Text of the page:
Colby Cosh: If nothing else, Notley’s election call was great timing for Alberta’s NDP

Colby Cosh: If nothing else, Notley’s election call was great timing for Alberta’s NDP
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The Alberta legislature has been dissolved, and the election candidates are pounding the mean streets of Bruderheim and Rimbey and Picture Butte. New Democratic Premier Rachel Notley ended up sticking to the schedule that had long been apparent: a March 18 Throne Speech followed by a quick election call, with April 16 as the date. Notley’s final pitch to the voters followed a week of embarrassments for Jason Kenney’s rival UCP, which has long been coasting to apparent victory in the polls. We do not yet have evidence contradicting this picture, and Alberta political polling is no condition to inspire trust even if some does appear.

The premier faces a difficult re-election struggle no matter what. In the places whose names I threw into that lead paragraph for colour, the NDP cause is probably long since dead. Notley’s New Democrats look like the strategic class of the field thanks to signs of timely meltdown in the “United Conservatives.” But it will not be enough to undo rural resentment toward carbon taxation, toward the euthanization of coal-mining, and toward a heavy-handed reform of farm labour law. (This is not, by any means, an exhaustive list.) The theatre of the election will be the suburbs of the major cities and the core of Calgary, a city in which Jason Kenney has an 8-0 electoral record.

Alberta will need time to absorb the long sequence of relevations about the UCP leadership contest which Kenney won to position himself as opposition leader. For months it was clear that something had been fishy about the longshot leadership campaign of Jeff Callaway, an important figure (and financial motor) from the early days of the Wildrose Party. The provincial Election Commissioner began to quietly zap some of Callaway’s donors with fines for illegal campaign contributions made with funds “furnished by another person.”

Meanwhile, some participants in the unity movement were beginning to talk about Callaway’s campaign having been a “kamikaze” effort. Callaway, who perhaps never acquired the leverage within the Wildrose Party that he felt his work had earned, had supposedly agreed to fight in tandem with Kenney against Brian Jean at UCP leadership debates and then drop out before the ballot. Which he did.

At the end of last week, bizarre rumours about Jean began to fill the Alberta air. Since his defeat by Kenney, Jean has stayed in Ft. McMurray, a fair slab of which he will have just inherited from his legendary mother Frances, and has kept his own counsel. Those who were never comfortable with Kenney’s victory — both inside and outside the UCP — were keeping an wistful eye on him. In January, he told social media he had a “personal announcement” to make, and there was a brief frenzy of speculation before it turned out that he was merely having another child. (Annabella Frances was born Feb. 13.)

When the grapevine began to writhe last week, Jean was initially said to be defecting from the UCP to run as a candidate for the Alberta Party — a musty, listless den of homeless Red Tories and stray Liberals, one that some people suspect of having a “kamikaze” character of its own. A little later, the story was that Jean was going to ally with the Freedom Conservatives, the fiscal-hawk splinter group formed by Wildrose veteran Derek Fildebrandt.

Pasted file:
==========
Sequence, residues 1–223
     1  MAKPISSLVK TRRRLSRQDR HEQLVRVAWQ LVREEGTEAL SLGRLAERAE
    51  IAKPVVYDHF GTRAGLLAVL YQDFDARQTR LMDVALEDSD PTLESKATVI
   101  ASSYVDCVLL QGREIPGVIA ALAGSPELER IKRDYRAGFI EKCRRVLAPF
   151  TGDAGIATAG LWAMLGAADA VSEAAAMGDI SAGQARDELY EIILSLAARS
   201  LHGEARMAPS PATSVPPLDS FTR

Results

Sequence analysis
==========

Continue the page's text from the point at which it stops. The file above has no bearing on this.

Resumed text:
As this beehive was humming, Jen Gerson of Maclean’s magazine . Davies acknowledged a transfer of $60,000 from an unknown source to Callaway’s campaign so that it could be divided up unlawfully and turned into phony personal donations. Davies also said that Kenney and his staff had reached an explicit understanding with Callaway about the kamikaze campaign, and offered documentation of Kenney’s group providing videos and graphics to Callaway.

These are two separate news nuggets — subject to further investigations, including the RCMP’s — and Gerson was careful to point this out explicitly. There is no proof Kenney was involved with the illegal Callaway financing. Meanwhile, the Jean rumours seemed to peter out, although he did observe that he had “buried the hatchet” with Fildebrandt. Still, the effect of Gerson’s bombshell was to create an ethical cloud around Kenney at the exact moment the campaign began.

The evidence suggests that at a minimum Kenney was content to give his blessing and aid to Callaway’s bogus candidacy, knowing that it was bogus. As a sin this falls somewhere between helping someone pursue a vendetta that serves your own purposes (i.e., everyday politics) and actively misleading the public and the membership of one’s party (which might be considered an ethical disqualification in a leader, if you’re particular). Observers noticed that Notley’s throne speech backed off from recent campaigning nastiness — you can’t put that kind of talk in the mouth of the Lieutenant-Governor — but was careful to mention ex-premier Alison Redford’s attempt to use public funds for a secret downtown Edmonton residence, the ludicrous “Sky Palace.”

The ill-disguised goal of this was to remind Albertans of old-time Progressive Conservative corruption, hoping that the grime will rub off onto the shiny new UCP. For now, the Alberta “right” remains technically united, except for Fildebrandt’s Bernieresque spoiler effort. Math is still on Kenney’s side. In the long term the fate of the UCP will be in the hands of its rank and file: the whole affair raises the interesting philosophical question “What if you unite the right — but the union doesn’t quite take?”

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